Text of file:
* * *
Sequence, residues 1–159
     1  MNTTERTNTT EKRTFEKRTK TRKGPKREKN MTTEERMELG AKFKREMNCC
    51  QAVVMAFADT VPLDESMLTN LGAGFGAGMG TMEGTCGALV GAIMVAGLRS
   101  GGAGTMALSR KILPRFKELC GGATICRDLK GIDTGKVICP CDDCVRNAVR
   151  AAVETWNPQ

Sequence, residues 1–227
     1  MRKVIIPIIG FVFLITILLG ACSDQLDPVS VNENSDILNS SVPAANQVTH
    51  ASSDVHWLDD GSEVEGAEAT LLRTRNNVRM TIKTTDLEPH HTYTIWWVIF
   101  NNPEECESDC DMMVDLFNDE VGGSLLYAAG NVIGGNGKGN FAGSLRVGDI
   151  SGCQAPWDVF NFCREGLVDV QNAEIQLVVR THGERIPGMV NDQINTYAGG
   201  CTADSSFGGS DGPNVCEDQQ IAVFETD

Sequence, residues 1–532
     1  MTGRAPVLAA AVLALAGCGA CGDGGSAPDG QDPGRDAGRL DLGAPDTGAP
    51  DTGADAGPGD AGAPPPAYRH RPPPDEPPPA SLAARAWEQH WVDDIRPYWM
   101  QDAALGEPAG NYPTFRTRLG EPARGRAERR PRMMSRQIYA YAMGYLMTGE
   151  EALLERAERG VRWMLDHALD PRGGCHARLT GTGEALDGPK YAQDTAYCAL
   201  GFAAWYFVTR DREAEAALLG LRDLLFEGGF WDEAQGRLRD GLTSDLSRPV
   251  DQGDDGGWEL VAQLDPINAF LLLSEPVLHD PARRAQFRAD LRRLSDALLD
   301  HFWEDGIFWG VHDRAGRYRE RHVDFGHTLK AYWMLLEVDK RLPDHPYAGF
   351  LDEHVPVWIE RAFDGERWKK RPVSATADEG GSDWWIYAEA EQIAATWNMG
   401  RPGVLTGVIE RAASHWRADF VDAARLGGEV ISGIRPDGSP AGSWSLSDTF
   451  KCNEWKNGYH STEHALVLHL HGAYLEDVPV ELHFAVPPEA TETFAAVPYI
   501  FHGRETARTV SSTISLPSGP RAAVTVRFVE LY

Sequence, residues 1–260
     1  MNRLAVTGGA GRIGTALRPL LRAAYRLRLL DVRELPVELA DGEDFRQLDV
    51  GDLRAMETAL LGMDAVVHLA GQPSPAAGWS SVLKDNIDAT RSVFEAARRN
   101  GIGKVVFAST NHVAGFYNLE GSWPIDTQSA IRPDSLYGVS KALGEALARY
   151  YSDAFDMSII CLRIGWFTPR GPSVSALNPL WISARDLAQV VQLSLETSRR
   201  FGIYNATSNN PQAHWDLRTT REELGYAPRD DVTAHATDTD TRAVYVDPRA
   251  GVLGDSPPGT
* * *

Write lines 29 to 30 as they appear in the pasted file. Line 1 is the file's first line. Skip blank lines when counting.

   201  FGIYNATSNN PQAHWDLRTT REELGYAPRD DVTAHATDTD TRAVYVDPRA
   251  GVLGDSPPGT